Please note that Mommsen uses the AUC chronology (Ab Urbe Condita), i.e. from the founding of the City of Rome. You can use this reference table to have the B.C. dates
From: The History of Rome, by Theodor Mommsen
Translated with the sanction of the author by William Purdie Dickson
Hostilities of Robbers and Pirates
That the vanquished should withdraw and renounce the new monarchy, was at least the natural and so far the truest expression of their desperate position. The mountains and above all the sea had been in those times ever since the memory of man the asylum not only of all crime, but also of intolerable misery and of oppressed right; it was natural for Pompeians and republicans to wage a defiant war against the monarchy of Caesar, which had ejected them, in the mountains and on the seas, and especially natural for them to take up piracy on a greater scale, with more compact organization, and with more definite aims. Even after the recall of the squadrons that had come from the east they still possessed a very considerable fleet of their own, while Caesar was as yet virtually without vessels of war; and their connection with the Dalmatae who had risen in their own interest against Caesar,(38) and their control over the most important seas and seaports, presented the most advantageous prospects for a naval war, especially on a small scale.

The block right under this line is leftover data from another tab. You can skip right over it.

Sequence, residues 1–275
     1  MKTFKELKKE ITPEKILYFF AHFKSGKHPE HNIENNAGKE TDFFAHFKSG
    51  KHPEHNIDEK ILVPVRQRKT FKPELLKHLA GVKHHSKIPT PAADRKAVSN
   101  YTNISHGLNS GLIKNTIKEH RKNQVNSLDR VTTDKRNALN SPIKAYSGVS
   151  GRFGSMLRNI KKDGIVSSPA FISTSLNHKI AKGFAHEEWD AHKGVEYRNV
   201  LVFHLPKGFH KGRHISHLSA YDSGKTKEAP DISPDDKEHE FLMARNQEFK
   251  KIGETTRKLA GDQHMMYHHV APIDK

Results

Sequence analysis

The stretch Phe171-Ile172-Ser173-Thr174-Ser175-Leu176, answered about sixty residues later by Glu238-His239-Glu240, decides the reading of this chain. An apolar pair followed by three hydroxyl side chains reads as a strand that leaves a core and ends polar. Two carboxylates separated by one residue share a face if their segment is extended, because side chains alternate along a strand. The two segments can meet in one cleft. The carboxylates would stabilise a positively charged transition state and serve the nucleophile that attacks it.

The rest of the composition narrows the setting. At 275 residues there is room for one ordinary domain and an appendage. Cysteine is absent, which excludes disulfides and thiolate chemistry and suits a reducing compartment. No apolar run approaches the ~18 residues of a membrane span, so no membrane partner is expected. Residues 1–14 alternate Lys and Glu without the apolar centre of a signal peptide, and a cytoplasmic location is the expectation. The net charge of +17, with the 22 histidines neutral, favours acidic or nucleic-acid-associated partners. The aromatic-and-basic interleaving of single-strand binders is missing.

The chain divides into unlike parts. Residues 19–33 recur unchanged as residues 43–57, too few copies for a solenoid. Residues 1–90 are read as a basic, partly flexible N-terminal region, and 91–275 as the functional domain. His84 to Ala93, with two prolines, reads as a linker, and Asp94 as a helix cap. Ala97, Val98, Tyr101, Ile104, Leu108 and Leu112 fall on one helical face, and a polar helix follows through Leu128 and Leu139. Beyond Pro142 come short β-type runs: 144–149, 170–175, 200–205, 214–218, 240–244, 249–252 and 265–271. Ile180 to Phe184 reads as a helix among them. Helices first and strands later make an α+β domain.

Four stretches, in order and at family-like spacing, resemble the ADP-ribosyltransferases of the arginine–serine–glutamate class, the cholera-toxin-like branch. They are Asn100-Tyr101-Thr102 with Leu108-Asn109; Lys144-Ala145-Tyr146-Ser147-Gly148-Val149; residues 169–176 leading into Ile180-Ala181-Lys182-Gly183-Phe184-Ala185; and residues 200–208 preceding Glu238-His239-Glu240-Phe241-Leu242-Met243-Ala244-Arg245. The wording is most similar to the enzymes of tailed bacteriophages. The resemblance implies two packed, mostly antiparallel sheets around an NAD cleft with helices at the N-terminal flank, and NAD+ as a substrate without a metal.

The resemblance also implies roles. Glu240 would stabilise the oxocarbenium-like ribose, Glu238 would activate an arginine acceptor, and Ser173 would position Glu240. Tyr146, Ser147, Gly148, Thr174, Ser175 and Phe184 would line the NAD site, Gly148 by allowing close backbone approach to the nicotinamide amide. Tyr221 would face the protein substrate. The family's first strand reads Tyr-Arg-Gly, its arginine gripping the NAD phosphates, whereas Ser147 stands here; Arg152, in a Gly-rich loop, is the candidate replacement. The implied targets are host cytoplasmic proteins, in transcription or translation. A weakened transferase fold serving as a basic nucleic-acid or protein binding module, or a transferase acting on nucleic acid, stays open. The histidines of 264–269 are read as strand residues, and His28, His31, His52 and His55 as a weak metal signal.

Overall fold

38. Cf. V. X. Caesar's Fleet and Army in Illyricum Destroyed
As formerly Sulla's hunting out of the democrats had ended in the Sertorian insurrection, which was a conflict first waged by pirates and then by robbers and ultimately became a very serious war, so possibly, if there was in the Catonian aristocracy or among the adherents of Pompeius as much spirit and fire as in the Marian democracy, and if there was found among them a true sea-king, a commonwealth independent of the monarchy of Caesar and perhaps a match for it might arise on the still unconquered sea.
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Reference address : https://www.ellopos.net/elpenor/rome/5-10-brundisium-pharsalus-thapsus.asp?pg=94